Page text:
At first, you may think that the cover letter should repeat all information from your resume but in a story-like form. However, that’s not true.
Instead of re-writing your resume, you need to focus on making the right impression.
You can do that by talking about the skills that help you overcome challenges, your excitement when it comes to the industry, your past achievements, and your knowledge of the company.
Now let’s look at some other things that will make your cover letter stand out.
We've made an in-depth guide on what should your cover letter include that you can check out!
Address your cover letter to the right person and make your introduction strong
Choosing the right salutation for your cover letter is crucial – after all, it’s the first thing the hiring manager will read.
For this reason, we’ve gathered several classic salutations. Note that some of them could be used even if you don't know the hiring manager's name.
- Dear Mr. John
- Dear Ms. Petersen
- Dear Hiring Manager
- Dear Dr. Todd
- Dear Head of [team you're applying for]
The introduction of your cover letter is the first thing the hiring manager will read. Logically, having a strong introduction is your chance of getting their attention.
In order to do that, you need to get creative. Don’t just do what everyone else’s been doing for years, i.e. writing “I found this job opening on that website and decided to apply”.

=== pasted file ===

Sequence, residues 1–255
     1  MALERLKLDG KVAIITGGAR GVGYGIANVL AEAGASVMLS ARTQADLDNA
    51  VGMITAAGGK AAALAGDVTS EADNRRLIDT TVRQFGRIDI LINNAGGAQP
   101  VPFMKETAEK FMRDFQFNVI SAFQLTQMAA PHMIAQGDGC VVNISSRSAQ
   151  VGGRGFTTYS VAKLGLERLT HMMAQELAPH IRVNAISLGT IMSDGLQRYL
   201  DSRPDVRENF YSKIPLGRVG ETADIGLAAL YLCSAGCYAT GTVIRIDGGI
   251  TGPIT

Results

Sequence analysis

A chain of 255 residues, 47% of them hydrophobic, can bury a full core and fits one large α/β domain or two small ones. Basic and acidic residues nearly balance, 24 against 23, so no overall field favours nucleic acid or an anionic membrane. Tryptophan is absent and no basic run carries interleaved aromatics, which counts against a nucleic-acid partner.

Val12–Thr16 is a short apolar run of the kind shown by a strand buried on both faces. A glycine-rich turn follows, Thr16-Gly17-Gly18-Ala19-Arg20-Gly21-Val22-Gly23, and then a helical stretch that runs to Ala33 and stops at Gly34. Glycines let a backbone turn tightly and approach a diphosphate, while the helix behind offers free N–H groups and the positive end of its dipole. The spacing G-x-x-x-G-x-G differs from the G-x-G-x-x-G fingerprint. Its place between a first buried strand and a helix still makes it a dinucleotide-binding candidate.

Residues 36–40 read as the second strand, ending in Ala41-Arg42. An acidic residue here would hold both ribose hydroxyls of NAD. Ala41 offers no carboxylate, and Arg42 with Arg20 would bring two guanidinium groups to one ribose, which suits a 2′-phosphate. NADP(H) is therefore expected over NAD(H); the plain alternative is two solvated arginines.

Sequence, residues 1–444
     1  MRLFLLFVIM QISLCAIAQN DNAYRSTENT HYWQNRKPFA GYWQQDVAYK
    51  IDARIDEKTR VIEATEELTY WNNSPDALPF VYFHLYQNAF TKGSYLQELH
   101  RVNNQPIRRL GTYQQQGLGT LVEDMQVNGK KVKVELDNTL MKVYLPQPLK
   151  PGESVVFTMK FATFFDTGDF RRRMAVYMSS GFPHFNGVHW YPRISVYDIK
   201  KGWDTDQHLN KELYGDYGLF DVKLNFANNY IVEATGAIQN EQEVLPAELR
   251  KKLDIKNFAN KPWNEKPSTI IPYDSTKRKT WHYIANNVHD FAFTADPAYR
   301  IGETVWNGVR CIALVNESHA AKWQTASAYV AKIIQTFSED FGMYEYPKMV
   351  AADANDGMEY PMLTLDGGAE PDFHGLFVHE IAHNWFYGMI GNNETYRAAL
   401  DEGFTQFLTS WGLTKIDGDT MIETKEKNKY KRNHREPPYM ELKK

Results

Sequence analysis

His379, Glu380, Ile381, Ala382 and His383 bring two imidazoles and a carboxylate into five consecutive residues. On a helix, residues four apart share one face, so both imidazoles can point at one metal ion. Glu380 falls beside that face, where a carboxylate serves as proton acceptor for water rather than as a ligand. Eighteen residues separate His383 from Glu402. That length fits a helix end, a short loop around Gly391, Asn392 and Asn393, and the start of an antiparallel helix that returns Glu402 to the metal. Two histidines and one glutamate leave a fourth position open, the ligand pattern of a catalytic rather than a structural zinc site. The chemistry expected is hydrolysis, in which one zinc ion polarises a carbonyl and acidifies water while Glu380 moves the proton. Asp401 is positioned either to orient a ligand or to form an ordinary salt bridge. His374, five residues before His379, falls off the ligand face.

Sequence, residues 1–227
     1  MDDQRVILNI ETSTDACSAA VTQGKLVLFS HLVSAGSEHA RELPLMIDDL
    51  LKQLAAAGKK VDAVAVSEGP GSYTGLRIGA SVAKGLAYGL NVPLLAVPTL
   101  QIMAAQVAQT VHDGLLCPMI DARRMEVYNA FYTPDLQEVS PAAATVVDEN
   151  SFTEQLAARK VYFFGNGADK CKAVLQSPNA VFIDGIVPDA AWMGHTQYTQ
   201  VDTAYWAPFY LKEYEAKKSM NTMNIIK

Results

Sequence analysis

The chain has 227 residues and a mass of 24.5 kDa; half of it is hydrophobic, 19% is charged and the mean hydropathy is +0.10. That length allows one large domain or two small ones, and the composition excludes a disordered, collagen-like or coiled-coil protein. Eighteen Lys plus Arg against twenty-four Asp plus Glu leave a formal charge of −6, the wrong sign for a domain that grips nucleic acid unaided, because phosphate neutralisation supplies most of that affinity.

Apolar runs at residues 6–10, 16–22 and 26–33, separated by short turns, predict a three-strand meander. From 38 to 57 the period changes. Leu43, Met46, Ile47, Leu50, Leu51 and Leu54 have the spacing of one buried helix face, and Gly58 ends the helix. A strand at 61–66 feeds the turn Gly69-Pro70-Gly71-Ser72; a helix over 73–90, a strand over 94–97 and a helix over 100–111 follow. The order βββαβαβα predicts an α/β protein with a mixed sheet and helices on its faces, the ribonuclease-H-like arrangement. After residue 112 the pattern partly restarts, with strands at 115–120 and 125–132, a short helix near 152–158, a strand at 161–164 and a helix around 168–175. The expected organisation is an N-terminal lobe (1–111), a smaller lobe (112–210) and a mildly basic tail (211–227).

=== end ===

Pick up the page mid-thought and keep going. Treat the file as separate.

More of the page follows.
Rather, show that you are genuinely excited about the position and the company. You could do that by mentioning your love for the industry or what you can bring to the table.
Mention both your hard and soft skills
Listing hard skills on your resume is quite straightforward, isn’t it? But when it comes to writing a memorable Marketing Director cover letter, you need to be a bit more creative.
The thing is, cover letters are designed to tell a story. To show the thought process behind your achievements and motivations. To put the recruiter in your shoes and allow them to get to know you better.
Maybe you want to share how you deal with challenges? Or what helps you reach your goals? It doesn’t really matter.
And while soft skills are important, hard skills shouldn’t be skipped either. Mentioning some hard skills (especially the ones listed by the recruiter) is always a great idea. This will help you pass applicant tracking systems (ATS) that screen documents for certain keywords.
Prove that you've researched the company and are aware of industry problems
Having a paragraph that shows you’re aware of the company and the issues it faces is always a good idea. It proves your enthusiasm to join the team and makes a great impression.
For bonus points, you could also share how some of your strengths could help resolve company or even industry problems.
End in an actionable way
The last part of your cover letter should briefly sum up everything you’ve said so far. It should also express your gratitude for the hiring manager’s time and consideration.
The tone of the closing line depends on two things – your personal preference and the company culture. Don’t go for overly creative phrases if the company you’re applying for relies on strictly corporate language.
Traditional lines such as “Looking forward to your reply” are usually considered a safe bet. So when in doubt, stick to them.